Denise Sakaki asks that ancient, universal question. – What’s in your spice rack?
By Denise Sakaki
I opened up our pantry door and was struck by the collection of spices, dried herbs and seasonings. Or more to the point, feeling somewhat baffled over how we wound up with so much. Our cupboards are surely bewitched, as I’ve peered inside and been surprised to find not two, but three large containers of ground cinnamon, with no clue over how they multiplied. I blame Narnia – there must be a crossed wire between the Wardrobe and my pantry, and I’m getting stuck with their ground spices. There’s a long-running joke between myself and the Mister about cumin – in his bachelor-pad days of living in a house with roommates, they always wound up with a stockpile of the tan, smoky seasoning generally used for chili or tacos, likely from one person not being sure if they had the spice and bought a new bottle. Multiply by four or five roommates and you’ve got a spice-hoarder household in the making.
Having a surplus of spices and seasonings isn’t a bad thing. In cold months, dried herbs like thyme and oregano are a staple when fresh ones aren’t as available. Ground spices like the tart-flavored sumac can add strong, exotic flavors to food. The benefit of dried herbs and spices is that their shelf life is fairly stable, most keeping their freshness for about six months. And there’s little concern over them going bad or making someone ill. The potency of their flavor will diminish over time, but you can simply add more. Whole spices like nutmeg or cloves can stay fresh even longer, their intact form retaining flavor before being ground or crushed as-needed. Despite having a busy kitchen where ingredients move in and out at a fairly fast pace, I’m still stuck with a Spice Cabinet of Curiosities, and I know I’m not the only one.
I started asking around to see who else has a hodge-podge of pantry goods. The most frequent offenders included: MSG, star anise, cardamom, grains of paradise and garam masala. Check your cupboard right now – you’d be hard-pressed to not find at least one of these items tucked away in a corner.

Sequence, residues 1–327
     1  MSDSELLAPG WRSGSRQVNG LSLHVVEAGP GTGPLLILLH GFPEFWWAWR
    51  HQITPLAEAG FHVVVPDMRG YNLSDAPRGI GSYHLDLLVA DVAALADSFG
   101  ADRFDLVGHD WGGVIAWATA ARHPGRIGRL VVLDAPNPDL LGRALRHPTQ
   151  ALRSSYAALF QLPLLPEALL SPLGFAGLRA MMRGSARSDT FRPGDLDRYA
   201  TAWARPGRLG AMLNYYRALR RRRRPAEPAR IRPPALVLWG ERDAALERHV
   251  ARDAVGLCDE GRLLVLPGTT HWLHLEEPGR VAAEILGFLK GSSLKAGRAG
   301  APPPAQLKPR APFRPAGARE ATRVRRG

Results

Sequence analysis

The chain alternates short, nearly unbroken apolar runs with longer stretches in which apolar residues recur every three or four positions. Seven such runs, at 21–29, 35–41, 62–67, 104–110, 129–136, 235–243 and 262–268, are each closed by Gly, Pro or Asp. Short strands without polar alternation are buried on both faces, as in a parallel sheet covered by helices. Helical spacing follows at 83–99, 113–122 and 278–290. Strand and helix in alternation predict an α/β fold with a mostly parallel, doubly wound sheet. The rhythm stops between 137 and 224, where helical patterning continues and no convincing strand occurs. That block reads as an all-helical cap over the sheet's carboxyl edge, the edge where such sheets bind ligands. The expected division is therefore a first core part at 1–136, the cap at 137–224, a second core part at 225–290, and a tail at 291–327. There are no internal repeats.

People shared some of their own Pantry Confidential stories of ingredients they remain locked in a staring contest with:
“I’ve consulted my current spice rack and I don’t know what to do with the following: ground nutmeg? Paprika? Oregano? And a small bottle of aromatic bitters. I can’t imagine I ever bought any of these so I’m curious if they managed to just grow in the dark or something.” – Charles Liotta, from Seattle, WA
“In my cupboard: Agar powder – uses besides glazing doughnuts? What other types of dishes use mace and would there ever be a reason to use in place of nutmeg?” – Katrina Thomas, from Kirkland, WA
“I don’t know why I have cardamom!” – Sue Anthony, from Phoenix, AZ.
“Chinese 5-spice. I’m Chinese, and don’t know what to do with it.” – Daniel Jeung, from Woodinville, WA
“Is spam an herb? I have a whole jar of star anise that we used to cook pork belly with. But the leftover sneers at me in the dark every time I open the cupboard.” – Chairul Sugiharto, from Jakarta, Indonesia.
Even if I can barely clean my own pantry out, I can at least give a few helpful suggestions over controlling some of the pantry spice overpopulation:
Cardamom, Mace and Nutmeg: As a ground spice, they can be added to both sweet and savory dishes. Cardamom adds a fragrant flavor to things like Indian dishes and nutmeg adds a smoky depth to cream sauces. Mace is the outer part of a nutmeg seed and can be used in place of nutmeg. These flavors work well in sweet, creamy desserts, like rice puddings or flavoring whipped cream. Consider crushing the whole spices and infusing them in warm milk to be added to tea or coffee.
Chinese Five-Spice Powder and Star Anise: These are strong, heavy flavors best suited for meaty dishes like slow-cooked pork ribs or to deepen the flavor of a beef stir fry. Whole spices like the star anise are strong; use sparingly, but consider adding a couple to a large pot of mulled wine or cider, along with other whole spices like cinnamon or cardamom, to balance out the sweetness.
And no, Spam is not an herb, but its shelf life will surely outlive all those extra bottles of cumin.
Denise Sakaki is a freelance food writer and photographer who is always searching for the connections between food and personal experience. She is the creator of the food blog Wasabi Prime and contributor to Serious Eats, 425 Magazine and Drink Me Magazine.